In many Bibles, the words of Jesus are printed in red. But did you know that in the Old Testament, Christ speaks? And they are some of the most beautiful, tender, comforting words! These words could be embossed in gold, they are so precious.
We hear a conversation between God the Father and His only Son. This is the “heavenly council.” God the Father speaks to His Son lovingly and Christ before His incarnation speaks to His Father, all in the presence of the Holy Spirit. This is shown to us because it concerns you! It concerns your salvation and the great love God has for you.
READ: Isaiah 42:1-7 & Isaiah 61:1-3
At the beginning of Isaiah 42, who is speaking? God the Father. About whom is He speaking? His only-begotten Son, whom we know to be Jesus Christ.
The first word, “Behold!” is spoken to God’s people. Someone is being pointed to whom we should look upon – just as John the Baptizer would later say: “Behold! The Lamb of God, who takes away the sin of the world” (John 1:29).
The next words are: “My Servant whom I uphold, My Elect One in whom My soul delights!” Martin Luther echoes these words in a hymn we love to sing: “But for us fights the Valiant One, whom God Himself elected” (ELH 250:2). This is a preview of the words God the Father spoke at Jesus’ baptism and at the transfiguration: “This is My beloved Son, in whom I am well pleased” (Matthew 3:17).
God the Father declares many great things about what this “Servant” would do: He will be “a light to the Gentiles” (v. 6) and will “bring justice” – righteousness and justification – “to the Gentiles” (v. 1). He says, “He will not fail” (v. 4). He says, “I have put My Spirit upon Him.” That is to say, the Holy Spirit is in perfect harmony with what is being said and is working with Christ. Then He says: “He will not cry out, nor raise His voice…” He would not cry out in complaint for what He was commissioned to suffer.
All of this is a grand declaration that God the Father makes. His Son is listening, and it is as if there is a look of concern upon His face when in verse 6 the Father turns to speak directly to His Son – and lets us listen in!
He says: “I, the Lord, have called You in righteousness, and will hold Your hand; I will keep You…” Earlier, the Father said His Son is “My Servant whom I uphold.” The Father tells His Son that He will hold His hand, hold Him up, and preserve Him when He would drink the cup of woe.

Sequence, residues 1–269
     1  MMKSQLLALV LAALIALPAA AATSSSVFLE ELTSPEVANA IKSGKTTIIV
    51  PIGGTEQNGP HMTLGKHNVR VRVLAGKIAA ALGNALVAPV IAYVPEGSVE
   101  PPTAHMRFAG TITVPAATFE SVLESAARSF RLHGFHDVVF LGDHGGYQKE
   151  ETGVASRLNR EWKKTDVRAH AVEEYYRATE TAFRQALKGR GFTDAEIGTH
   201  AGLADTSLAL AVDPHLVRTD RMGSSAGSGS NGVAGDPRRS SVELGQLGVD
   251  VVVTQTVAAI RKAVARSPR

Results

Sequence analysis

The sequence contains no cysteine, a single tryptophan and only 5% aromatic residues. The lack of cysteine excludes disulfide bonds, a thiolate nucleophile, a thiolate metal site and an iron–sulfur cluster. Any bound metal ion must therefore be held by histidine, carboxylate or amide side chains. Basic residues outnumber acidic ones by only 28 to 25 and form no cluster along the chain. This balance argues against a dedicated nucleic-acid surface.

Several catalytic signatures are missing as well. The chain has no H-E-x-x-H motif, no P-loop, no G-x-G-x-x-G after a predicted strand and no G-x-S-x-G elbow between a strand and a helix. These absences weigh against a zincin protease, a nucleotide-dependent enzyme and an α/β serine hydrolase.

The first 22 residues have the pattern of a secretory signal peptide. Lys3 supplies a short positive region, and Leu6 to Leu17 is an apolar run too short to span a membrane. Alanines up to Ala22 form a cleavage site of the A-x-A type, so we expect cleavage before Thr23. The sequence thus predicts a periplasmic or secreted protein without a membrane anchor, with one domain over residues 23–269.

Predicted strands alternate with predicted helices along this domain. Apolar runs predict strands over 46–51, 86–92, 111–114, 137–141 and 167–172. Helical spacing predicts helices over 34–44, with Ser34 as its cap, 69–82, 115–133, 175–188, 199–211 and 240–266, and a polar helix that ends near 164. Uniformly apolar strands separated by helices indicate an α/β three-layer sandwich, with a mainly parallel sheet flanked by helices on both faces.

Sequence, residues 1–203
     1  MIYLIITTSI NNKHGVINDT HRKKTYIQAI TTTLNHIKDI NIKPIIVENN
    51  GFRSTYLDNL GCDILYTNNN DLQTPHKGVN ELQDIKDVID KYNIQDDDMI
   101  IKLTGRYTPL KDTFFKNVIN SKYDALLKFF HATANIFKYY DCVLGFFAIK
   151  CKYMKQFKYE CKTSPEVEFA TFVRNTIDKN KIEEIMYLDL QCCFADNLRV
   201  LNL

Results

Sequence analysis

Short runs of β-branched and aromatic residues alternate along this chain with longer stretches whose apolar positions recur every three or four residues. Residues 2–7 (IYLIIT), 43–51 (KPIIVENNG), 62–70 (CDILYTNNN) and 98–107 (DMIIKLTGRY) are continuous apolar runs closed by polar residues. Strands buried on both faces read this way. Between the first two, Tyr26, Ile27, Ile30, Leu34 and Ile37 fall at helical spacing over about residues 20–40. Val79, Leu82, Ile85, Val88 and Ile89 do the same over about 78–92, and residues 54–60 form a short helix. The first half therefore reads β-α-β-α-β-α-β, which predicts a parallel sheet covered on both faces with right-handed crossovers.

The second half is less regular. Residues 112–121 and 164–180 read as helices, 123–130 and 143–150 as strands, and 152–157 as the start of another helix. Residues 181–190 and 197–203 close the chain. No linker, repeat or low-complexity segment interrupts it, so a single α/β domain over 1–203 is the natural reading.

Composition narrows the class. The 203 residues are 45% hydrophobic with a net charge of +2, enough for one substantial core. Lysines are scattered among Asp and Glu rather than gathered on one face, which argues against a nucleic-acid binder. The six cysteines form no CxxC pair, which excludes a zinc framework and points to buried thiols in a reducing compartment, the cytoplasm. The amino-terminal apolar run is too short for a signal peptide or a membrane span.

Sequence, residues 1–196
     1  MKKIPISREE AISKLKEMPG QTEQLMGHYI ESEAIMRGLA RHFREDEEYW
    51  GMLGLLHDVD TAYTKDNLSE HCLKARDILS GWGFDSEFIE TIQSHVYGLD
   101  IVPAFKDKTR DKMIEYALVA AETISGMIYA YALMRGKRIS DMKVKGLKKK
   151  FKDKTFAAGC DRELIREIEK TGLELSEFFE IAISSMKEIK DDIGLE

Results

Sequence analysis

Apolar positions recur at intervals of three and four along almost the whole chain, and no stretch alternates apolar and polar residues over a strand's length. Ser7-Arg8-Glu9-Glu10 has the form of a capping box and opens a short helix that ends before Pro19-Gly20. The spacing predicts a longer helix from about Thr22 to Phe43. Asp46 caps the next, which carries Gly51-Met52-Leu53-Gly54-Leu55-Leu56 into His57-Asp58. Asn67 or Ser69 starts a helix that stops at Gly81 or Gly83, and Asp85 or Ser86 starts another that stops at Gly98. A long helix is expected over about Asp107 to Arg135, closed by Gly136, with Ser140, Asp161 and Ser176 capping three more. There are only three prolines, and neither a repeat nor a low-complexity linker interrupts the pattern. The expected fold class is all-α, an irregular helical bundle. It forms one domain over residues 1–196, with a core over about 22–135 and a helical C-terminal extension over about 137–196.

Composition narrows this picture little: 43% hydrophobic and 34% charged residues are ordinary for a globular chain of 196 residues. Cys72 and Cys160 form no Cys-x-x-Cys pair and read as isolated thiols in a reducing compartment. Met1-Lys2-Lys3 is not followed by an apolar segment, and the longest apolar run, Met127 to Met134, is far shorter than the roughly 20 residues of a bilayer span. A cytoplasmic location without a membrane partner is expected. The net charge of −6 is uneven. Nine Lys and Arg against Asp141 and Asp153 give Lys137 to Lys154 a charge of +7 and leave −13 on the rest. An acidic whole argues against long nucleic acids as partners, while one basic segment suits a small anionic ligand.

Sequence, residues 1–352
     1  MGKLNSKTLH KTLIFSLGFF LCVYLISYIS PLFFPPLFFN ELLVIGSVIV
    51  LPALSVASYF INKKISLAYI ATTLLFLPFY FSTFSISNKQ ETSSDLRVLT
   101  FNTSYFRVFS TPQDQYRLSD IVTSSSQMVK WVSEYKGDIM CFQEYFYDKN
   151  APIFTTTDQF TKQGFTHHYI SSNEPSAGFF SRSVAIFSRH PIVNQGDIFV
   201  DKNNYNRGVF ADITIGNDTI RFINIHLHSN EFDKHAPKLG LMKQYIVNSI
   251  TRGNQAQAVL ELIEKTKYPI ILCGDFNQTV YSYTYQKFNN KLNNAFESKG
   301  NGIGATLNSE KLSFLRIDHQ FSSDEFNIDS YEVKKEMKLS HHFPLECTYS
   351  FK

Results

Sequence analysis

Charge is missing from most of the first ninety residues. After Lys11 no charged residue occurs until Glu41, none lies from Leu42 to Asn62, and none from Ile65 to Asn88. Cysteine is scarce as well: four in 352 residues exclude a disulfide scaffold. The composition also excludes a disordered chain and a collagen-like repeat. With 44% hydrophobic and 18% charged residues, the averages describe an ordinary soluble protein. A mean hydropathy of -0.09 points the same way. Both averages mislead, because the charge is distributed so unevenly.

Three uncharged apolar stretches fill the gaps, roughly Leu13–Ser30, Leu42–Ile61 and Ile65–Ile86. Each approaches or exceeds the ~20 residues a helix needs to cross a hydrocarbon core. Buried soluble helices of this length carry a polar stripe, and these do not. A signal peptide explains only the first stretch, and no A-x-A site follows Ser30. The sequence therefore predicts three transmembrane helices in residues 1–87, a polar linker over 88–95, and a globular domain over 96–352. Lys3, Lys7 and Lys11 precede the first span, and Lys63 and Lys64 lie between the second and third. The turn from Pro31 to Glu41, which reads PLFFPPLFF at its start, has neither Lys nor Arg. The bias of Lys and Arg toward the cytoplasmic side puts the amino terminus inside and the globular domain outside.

The Father knows “the wrath and stripes are hard to bear” (ELH #331:2) and conveys this loving concern for His Son. He encourages Him by making promises about what Christ will do. He will “open blind eyes, bring out prisoners from the prison,” etc. These are promises that Christ would free people from the prison of the Law.
What did Christ have to say? When does He speak? In Isaiah 61:1-3. Hearing all that God the Father said, knowing the Holy Spirit has been placed upon Him, what does the Son of God have to say? “The Spirit of the Lord GOD is upon Me,” He says. “The Lord has anointed Me” – Messiah’ed Him – “to preach good tidings to the poor…heal the brokenhearted…comfort all who mourn…give the garment of praise instead of the spirit of heaviness…”
He speaks the Gospel, Jesus’ proper work. For troubled sinners, He has only tender words of love, just as the Father had only tender words of love for Him. Here Christ is not only speaking to us. He is answering the Father’s words in chapter 42 and speaking in the presence of the Holy Spirit, declaring their unity of purpose.
This is why the Lord wants us to hear these conversations. It is to give you confidence. It is to help you answer the accusations of the devil. It is to give you a good conscience. We lean and depend upon what the Triune God has decreed from eternity in His secret council, carried out in the work of Jesus and brought to us by the Holy Spirit in the Divine Service, where Christ is still the Servant, serving us with His salvation.
You cannot receive this from an emphasis on Jesus’ Lordship over your life. You can only receive this from hearing that He is the Servant. He came to serve and to give His life as a ransom for all – for you. He “made Himself of no reputation, taking the form of a bondservant” (Philippians 2:7)…for you.
He serves that I a lord may be;
A great exchange indeed!
Could Jesus’ love do more for me
To help me in my need?
(Nikolaus Herman; ELH 148:7)
Reverend Jerry Gernander
Bethany Lutheran Church